While Millennials have been criticized for their “delayed adulthood”, Gen Z is showing signs of “early adulthood”. Educators and parents often describe this generation as being more serious and contemplative about the world. Zs are thinking about their career paths and exposing themselves to career training at an earlier age than Millennials. It’s probable that some of this early onset of adulthood is caused by parents, who are pressuring their children to be competitive and successful and to avoid the debt that plagued both the Gen Xers and Millennials.
The numbers from our global research found 46% of Gen Z said they know what career to pursue and 51% have taken a class at school focused on their career interests. Forty percent joined an extracurricular program (team, club) based on their career interests.
Zs have been shaped by the aftermath of the Great Recession. They watched Millennials become debt-ridden and are concerned about falling into the same trap. XYZ University’s survey results show 66% of Zs said financial stability is more important than doing work they enjoy, which is the exact opposite of Millennial survey results. Also, 71% of survey-takers have a paying job.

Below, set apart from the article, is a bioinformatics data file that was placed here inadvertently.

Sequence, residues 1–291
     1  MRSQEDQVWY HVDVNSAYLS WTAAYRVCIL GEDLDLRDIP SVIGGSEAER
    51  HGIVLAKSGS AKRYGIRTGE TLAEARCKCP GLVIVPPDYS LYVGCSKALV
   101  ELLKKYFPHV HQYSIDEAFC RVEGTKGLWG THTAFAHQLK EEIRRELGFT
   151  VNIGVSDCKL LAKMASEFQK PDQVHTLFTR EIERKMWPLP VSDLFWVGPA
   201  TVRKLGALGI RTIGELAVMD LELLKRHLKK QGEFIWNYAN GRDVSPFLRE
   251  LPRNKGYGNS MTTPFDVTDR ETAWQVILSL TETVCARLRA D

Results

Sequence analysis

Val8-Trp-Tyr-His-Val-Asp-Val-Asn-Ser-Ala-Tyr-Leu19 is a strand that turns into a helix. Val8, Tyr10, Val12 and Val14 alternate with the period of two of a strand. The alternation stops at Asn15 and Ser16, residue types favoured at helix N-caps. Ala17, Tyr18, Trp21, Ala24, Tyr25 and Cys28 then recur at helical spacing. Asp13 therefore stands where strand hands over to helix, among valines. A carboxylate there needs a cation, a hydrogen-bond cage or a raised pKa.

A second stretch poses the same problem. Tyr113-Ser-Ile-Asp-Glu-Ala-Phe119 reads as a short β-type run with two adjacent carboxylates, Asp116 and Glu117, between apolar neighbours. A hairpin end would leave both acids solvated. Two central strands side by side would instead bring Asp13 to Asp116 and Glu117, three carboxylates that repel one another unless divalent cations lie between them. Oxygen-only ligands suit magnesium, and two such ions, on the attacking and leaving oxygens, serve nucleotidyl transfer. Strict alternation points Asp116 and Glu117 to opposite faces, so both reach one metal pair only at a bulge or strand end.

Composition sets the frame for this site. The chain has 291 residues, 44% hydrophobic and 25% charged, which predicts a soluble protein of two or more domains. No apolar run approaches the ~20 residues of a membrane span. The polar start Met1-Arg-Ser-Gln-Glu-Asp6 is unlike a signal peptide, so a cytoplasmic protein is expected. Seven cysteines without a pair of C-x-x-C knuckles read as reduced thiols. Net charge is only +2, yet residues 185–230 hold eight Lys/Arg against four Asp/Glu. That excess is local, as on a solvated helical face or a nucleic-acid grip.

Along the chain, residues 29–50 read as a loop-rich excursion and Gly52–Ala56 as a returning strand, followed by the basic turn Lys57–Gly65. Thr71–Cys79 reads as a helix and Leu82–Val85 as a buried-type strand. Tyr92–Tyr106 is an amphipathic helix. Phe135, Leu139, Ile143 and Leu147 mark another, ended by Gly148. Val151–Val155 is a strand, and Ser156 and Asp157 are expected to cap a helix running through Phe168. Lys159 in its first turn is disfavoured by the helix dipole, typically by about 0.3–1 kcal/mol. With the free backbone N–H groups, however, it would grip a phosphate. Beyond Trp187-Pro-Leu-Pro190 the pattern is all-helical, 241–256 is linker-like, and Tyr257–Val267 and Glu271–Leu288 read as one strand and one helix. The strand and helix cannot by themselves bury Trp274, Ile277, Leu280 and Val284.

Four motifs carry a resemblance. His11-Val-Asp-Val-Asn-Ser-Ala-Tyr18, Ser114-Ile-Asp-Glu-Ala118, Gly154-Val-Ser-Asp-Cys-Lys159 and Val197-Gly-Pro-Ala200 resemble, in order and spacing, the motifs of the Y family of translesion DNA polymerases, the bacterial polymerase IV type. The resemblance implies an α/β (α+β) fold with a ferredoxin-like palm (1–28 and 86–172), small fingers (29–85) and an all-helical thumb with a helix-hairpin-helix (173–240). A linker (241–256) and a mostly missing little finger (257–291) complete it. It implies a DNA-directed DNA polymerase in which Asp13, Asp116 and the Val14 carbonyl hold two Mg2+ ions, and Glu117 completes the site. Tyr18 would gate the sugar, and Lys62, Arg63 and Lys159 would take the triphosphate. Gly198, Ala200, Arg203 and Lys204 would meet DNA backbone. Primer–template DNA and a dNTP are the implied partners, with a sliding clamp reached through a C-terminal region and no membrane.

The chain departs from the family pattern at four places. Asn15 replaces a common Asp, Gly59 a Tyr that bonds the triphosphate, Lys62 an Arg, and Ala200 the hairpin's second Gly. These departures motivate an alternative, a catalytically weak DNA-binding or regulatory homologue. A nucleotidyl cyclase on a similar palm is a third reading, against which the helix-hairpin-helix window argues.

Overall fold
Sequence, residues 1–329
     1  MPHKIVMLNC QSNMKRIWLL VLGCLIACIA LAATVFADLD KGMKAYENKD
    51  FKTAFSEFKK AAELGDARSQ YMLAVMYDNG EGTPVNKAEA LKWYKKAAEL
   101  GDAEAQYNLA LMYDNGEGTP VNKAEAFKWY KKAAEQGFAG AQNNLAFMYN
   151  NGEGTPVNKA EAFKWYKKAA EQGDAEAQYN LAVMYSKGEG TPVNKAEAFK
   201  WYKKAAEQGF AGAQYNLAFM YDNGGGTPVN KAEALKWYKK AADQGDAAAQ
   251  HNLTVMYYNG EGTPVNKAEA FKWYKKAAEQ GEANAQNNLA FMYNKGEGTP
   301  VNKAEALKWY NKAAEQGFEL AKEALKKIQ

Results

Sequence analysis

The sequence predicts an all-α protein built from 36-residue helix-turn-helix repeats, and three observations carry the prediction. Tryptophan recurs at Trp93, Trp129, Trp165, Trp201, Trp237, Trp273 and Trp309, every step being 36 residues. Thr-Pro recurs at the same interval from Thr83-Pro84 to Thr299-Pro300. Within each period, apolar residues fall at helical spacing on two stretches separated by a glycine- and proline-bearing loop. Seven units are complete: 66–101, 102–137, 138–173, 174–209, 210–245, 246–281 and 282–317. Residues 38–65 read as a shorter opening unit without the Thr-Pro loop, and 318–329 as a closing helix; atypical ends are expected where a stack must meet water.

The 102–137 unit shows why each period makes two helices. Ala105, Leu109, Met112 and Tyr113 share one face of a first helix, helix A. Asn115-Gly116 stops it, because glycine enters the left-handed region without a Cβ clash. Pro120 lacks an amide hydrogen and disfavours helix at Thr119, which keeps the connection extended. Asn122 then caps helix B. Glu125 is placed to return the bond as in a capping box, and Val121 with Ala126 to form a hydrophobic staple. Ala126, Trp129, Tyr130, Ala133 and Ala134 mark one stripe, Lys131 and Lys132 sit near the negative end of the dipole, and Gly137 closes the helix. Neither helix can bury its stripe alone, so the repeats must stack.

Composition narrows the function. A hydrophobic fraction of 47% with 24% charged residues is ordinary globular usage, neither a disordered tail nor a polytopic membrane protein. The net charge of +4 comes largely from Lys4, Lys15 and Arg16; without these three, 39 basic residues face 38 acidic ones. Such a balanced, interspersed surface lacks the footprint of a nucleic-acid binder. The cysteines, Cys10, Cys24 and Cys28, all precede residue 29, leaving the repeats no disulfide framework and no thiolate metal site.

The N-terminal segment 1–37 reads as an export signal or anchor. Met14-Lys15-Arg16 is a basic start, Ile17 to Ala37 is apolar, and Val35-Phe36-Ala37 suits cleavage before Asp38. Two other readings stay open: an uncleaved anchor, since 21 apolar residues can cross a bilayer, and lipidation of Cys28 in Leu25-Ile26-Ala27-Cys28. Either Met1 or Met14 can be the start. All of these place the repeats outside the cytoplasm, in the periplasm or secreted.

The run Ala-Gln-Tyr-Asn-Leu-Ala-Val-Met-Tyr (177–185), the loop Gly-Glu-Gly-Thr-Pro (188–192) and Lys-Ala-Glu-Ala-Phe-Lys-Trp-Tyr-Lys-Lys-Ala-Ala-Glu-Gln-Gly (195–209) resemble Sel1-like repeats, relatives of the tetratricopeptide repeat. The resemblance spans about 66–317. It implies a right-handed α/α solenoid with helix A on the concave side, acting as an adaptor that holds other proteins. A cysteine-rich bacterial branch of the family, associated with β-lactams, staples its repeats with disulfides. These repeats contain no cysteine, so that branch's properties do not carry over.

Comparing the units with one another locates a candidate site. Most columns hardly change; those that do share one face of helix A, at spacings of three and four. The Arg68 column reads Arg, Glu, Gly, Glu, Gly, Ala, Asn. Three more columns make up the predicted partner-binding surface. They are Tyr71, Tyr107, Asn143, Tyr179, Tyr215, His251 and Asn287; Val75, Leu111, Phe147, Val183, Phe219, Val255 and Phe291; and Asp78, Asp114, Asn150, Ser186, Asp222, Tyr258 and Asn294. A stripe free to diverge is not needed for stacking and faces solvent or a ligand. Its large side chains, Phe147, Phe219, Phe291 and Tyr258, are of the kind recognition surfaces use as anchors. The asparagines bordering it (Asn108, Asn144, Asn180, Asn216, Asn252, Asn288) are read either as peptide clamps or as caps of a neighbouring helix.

When presented a list of leadership traits, Zs ranked positive and trustworthy the highest. While Millennials and Gen Zs both value trust in a leader, Millennials usually cite collaboration and vision as most important. In other words, Millennials focus on the outcomes leaders inspire, whereas Zs are more likely to consider leaders’ attitudes and personalities. To Z, what leaders encourage others to do isn’t as valuable as how they make them feel.
Both Millennials and Gen Zs place a very high value on feeling challenged and appreciated in the workplace. However, according to our survey results Millennials rank appreciation slightly higher than challenge, whereas Zs rank feeling challenged slightly higher than appreciation.
Time will tell how Zs go down in history, but we know this generation’s influence on history will be unlike any other.
Does your organization have what it takes to engage the next generation? Take this quiz to find out.
Sarah Sladek is CEO of XYZ University. Our generational intelligence can assist you with engaging and retaining young talent and members.